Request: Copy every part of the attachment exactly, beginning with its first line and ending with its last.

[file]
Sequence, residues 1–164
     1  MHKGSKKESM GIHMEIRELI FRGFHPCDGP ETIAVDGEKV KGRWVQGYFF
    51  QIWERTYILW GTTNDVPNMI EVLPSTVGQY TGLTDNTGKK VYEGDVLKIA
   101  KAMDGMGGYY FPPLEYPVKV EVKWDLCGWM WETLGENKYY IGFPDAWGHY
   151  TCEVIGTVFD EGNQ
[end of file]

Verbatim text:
Sequence, residues 1–164
     1  MHKGSKKESM GIHMEIRELI FRGFHPCDGP ETIAVDGEKV KGRWVQGYFF
    51  QIWERTYILW GTTNDVPNMI EVLPSTVGQY TGLTDNTGKK VYEGDVLKIA
   101  KAMDGMGGYY FPPLEYPVKV EVKWDLCGWM WETLGENKYY IGFPDAWGHY
   151  TCEVIGTVFD EGNQ